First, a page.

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Please use this identifier to cite or link to this item: http://hdl.handle.net/10023/2899
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Title: The semiotics of printed instructions (graphic signa)
Authors: Toumajian, Trak-Sarkis
Supervisors: Hervey, Sandor
Issue Date: 1986
Abstract: This thesis sets out to describe sign systems for communication using Axiomatic Functionalism as its theoretical framework. In doing so, the thesis also provides an important test to the claim of Axiomatic Functionalism that by using its premisses the semiotician (or linguist) has all the necessary "tools" s/he needs for the analysis and description (the one implies the other) of any semiotic system for communication (including Language). Using Axiomatic Functionalism the author attempts to describe a number of graphic semiotic systems for communication. He finds that for an adequate description of the signa (a generic term which includes various types of signs and symbols) in these systems further theoretical notions and definitions are needed. Discussing these the author concludes that for Axiomatic Functionalism to maintain its claim of universal applicability to any sign system for communication it needs to incorporate in its premisses the notions and definitions proposed here. The thesis begins by a brief general introduction to semiotics. This is followed by a discussion of what constitutes scientific theories in relation to semiotics (including linguistics). The relevant aspects of Axiomatic Functionalism are then discussed, after which certain original theoretical notions are introduced. These include: “mnemonic economy" (with its many manifestations including "mnemonic/pictorial motivation"), the "general organising principle" ("systemic principle"), "principle of coinage" (a mechanism for generating signa), and "signum-family”. Having established the necessary theoretical background, the author proceeds to describe various graphic “signum-systems" discussing their important features and establishing the types of signum they consist of and, consequently, the types of system they are, their complexity and the "plerology” (grammar) of each system, where present. The systems discussed include various systems used in books on plants; a system used in a book on "lace knitting"; a system used in working models; a system used in providing information about paintings in the "Classics of World Art" series of books; and a system used in the "Automobile Association" handbooks. Further Axiomatic Functionalist theoretical notions, directly relevant to the systems described thereafter, are then introduced. This is followed by a description of three systems: two computer "languages", the "Hexadecimal notation" and the "binary code", and the "Library of Congress classification system". A final brief "Epilogue" concludes the thesis.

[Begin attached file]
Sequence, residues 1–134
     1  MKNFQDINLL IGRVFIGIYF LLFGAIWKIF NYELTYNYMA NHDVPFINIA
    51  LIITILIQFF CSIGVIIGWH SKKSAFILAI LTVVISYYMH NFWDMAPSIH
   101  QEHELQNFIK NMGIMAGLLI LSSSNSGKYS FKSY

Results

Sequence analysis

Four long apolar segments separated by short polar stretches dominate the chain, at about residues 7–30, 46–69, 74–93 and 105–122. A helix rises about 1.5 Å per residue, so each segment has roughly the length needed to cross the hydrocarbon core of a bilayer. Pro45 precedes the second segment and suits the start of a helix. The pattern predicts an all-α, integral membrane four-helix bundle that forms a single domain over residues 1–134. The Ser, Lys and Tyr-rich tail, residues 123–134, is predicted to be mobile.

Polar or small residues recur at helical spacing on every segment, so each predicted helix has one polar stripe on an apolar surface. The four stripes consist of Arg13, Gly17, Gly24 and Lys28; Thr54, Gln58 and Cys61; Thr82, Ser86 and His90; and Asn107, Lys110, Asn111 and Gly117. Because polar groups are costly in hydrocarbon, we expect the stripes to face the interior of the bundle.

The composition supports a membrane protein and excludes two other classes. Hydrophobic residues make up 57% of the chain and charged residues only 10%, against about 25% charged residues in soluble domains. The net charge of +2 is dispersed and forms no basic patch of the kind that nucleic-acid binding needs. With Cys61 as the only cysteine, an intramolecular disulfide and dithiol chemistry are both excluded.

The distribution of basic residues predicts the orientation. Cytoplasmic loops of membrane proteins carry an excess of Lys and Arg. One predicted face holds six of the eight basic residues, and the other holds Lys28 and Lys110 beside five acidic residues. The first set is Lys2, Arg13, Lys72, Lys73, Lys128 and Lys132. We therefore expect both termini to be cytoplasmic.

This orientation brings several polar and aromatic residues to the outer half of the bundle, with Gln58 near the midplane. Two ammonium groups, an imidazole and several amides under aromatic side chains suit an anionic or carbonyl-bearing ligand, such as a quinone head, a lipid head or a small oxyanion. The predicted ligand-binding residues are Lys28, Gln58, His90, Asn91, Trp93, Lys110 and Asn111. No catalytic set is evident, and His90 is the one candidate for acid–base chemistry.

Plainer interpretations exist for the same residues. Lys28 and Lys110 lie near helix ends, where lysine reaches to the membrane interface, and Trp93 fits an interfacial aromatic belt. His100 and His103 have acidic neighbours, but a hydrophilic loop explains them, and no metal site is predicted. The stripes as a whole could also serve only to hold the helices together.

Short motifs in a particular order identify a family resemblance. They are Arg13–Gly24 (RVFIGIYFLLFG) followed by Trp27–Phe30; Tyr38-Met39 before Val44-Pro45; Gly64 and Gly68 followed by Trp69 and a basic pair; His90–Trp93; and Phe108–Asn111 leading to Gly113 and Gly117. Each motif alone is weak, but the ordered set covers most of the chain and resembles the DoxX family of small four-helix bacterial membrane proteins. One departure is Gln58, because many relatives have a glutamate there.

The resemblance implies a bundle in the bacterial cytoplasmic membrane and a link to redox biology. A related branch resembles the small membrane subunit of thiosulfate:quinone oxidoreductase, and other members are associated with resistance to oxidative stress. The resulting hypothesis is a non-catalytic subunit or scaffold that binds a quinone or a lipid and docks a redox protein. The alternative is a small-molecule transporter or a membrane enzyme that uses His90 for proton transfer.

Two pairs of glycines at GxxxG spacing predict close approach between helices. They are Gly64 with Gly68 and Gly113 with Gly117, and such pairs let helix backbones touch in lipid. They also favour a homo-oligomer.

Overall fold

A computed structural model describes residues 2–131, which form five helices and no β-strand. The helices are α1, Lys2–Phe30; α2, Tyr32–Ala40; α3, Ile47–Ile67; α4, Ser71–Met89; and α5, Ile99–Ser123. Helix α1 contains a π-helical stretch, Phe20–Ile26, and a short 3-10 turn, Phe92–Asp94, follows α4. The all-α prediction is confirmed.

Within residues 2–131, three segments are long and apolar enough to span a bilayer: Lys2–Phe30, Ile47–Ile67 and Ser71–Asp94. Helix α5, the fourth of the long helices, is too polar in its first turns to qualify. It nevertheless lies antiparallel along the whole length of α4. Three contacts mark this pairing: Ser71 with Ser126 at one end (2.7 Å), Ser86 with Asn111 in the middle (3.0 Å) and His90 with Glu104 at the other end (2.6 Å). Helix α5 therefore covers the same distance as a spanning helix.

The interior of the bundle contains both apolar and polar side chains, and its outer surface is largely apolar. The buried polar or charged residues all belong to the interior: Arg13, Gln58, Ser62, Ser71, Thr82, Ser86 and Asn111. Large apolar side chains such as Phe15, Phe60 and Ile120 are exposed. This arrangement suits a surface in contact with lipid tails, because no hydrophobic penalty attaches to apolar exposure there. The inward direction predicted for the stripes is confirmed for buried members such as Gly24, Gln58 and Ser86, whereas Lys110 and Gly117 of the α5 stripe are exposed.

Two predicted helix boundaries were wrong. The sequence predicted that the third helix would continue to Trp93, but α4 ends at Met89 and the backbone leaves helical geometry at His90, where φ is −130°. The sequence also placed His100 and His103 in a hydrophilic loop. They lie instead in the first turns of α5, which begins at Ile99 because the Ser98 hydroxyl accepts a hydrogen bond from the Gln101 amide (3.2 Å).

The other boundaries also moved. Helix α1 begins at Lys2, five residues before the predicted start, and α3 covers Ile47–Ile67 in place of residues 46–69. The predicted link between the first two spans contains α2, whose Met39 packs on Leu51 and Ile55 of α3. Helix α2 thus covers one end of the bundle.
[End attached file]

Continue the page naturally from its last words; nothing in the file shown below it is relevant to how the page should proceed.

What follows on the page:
URI: http://hdl.handle.net/10023/2899
Type: Thesis
Appears in Collections:Modern Languages Theses



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